Escaping the city is squarely on trend. As renters grew tired of living and working from cramped homes, applications for urban properties dropped 23 per cent in August. While, between April and June, 41 per cent buyers from cities bought a home in a town, suburb or countryside location. Some went a step further, opting to become digital nomads.
But, for those who wish to try out a completely different existence, Robert Zupan, founder of the Back to the Village project, could have the answer.
He explained: “We will restore like it used to be a century ago. In each house [I want] to place one person from each state in Europe, typical British, typical Spanish, typical Italian, German and so on. They’ll restore this village and make it self-sufficient.”
So far, he has a growing team behind the project, including German structural engineer Dr Christine Lemaitre as head of sustainable building and Alessio Princic, an architect, acting as an advisor.
Covid-19 has slowed down a process, which has included pitching the idea to television networks: Mr Zupan has big ambitions for this nascent scheme.
The first step, though, is choosing a village, Italy is Mr Zupan’s preference, but Spain and Slovenia are also under consideration. A vineyard, goats (for cheese), beekeeping, tourism business could be valuable additions to one of these hamlets, said Mr Zupan. "We could bring prosperity, promote local food and tourism. Maybe this way we could help the region," he added.
Italy’s deserted towns have already pulled global coverage through the selection of €1 schemes that see empty houses, many of which have been left to decay (some damaged in earthquakes), auctioned off to buyers from around the world. However, such deals are often contingent on the buyer investing in restoring the property.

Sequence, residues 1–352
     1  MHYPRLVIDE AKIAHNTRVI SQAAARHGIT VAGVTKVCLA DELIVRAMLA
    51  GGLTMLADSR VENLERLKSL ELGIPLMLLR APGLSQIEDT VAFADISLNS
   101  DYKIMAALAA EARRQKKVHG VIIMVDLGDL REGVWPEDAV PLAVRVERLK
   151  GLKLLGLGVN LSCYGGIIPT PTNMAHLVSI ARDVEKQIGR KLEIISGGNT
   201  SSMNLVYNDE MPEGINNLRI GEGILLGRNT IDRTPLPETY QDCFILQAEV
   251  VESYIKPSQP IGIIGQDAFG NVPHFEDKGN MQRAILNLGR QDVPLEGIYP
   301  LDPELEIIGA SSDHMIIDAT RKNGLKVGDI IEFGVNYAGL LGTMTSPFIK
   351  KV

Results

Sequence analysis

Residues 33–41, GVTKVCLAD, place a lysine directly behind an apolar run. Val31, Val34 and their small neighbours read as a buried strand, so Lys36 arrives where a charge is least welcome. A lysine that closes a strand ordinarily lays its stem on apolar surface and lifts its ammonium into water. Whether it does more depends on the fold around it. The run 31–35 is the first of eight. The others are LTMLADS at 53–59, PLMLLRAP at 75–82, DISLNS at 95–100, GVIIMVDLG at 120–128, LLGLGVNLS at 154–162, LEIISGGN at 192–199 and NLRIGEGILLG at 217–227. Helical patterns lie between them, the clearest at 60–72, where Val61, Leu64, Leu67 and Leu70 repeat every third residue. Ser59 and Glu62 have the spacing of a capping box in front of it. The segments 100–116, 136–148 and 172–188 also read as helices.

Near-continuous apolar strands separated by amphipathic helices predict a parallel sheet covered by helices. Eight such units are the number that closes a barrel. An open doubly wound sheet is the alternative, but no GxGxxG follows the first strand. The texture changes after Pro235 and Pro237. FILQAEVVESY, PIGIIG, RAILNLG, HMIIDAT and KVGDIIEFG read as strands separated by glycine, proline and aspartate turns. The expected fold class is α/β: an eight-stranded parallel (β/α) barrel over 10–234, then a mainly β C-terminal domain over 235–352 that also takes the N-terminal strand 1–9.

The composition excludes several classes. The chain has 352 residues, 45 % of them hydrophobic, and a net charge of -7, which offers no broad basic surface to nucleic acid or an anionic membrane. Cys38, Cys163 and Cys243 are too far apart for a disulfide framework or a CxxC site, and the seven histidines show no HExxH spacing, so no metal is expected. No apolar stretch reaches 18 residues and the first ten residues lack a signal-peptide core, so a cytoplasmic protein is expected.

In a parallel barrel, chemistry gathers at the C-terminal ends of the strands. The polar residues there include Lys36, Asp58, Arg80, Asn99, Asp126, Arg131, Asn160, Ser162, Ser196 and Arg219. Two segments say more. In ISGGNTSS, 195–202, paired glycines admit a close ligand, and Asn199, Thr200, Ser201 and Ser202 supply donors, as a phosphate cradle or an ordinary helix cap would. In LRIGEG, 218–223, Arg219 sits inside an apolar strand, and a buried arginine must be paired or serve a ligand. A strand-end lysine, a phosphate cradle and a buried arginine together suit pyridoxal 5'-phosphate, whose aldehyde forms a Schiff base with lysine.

“People buy €1 houses, then don’t know what to do with them. We are going to show what they need to do, how to grow their own business in foreign country, how to build a community,” said Mr Zupan.
There have been other fresh suggestions for how to use Italy's thousands of forgotten hamlets. In May, some of Italy’s best-known architects, including Stefano Boeri, suggested that a move away from cities could help to reduce the risk of future pandemics. Mr Boeri, whose tree-covered, high-rise apartments are a distinctive feature of Milan’s skyline, proposed that the Italian Government "adopt" ghost villages and attract new residents there.
He pointed to tax incentives as well as improving transport links and installing broadband to allow working from home.
However, the lure of Back to the Village would be temporary, at least for some. Mr Zupan said the “contestants” would be paid for their participation in the experiment, which would last a few months.
However, if any contestants chose to stay on long-term, Mr Zupan insisted he and his colleagues would support them in doing so.
For those weary of the day-to-day grind, which now comes without many of the perks of life pre-pandemic, a stint in an Italian village could be an opportunity to start anew.